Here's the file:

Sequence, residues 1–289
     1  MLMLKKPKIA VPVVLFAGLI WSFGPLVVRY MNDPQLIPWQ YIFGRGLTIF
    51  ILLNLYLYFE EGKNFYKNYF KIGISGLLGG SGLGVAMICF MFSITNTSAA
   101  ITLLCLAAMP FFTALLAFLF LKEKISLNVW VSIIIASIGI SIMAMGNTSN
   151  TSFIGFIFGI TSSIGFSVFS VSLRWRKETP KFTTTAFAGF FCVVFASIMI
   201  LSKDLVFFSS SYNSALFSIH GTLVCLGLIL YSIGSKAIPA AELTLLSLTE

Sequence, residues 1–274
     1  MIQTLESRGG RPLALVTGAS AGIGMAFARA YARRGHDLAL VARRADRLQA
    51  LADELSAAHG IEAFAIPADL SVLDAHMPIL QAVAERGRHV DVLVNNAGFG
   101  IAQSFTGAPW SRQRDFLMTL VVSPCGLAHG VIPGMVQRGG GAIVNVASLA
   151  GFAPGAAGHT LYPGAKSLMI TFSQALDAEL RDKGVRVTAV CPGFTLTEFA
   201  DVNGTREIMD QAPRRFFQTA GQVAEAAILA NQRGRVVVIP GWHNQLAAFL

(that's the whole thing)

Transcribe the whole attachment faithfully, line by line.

Sequence, residues 1–289
     1  MLMLKKPKIA VPVVLFAGLI WSFGPLVVRY MNDPQLIPWQ YIFGRGLTIF
    51  ILLNLYLYFE EGKNFYKNYF KIGISGLLGG SGLGVAMICF MFSITNTSAA
   101  ITLLCLAAMP FFTALLAFLF LKEKISLNVW VSIIIASIGI SIMAMGNTSN
   151  TSFIGFIFGI TSSIGFSVFS VSLRWRKETP KFTTTAFAGF FCVVFASIMI
   201  LSKDLVFFSS SYNSALFSIH GTLVCLGLIL YSIGSKAIPA AELTLLSLTE

Sequence, residues 1–274
     1  MIQTLESRGG RPLALVTGAS AGIGMAFARA YARRGHDLAL VARRADRLQA
    51  LADELSAAHG IEAFAIPADL SVLDAHMPIL QAVAERGRHV DVLVNNAGFG
   101  IAQSFTGAPW SRQRDFLMTL VVSPCGLAHG VIPGMVQRGG GAIVNVASLA
   151  GFAPGAAGHT LYPGAKSLMI TFSQALDAEL RDKGVRVTAV CPGFTLTEFA
   201  DVNGTREIMD QAPRRFFQTA GQVAEAAILA NQRGRVVVIP GWHNQLAAFL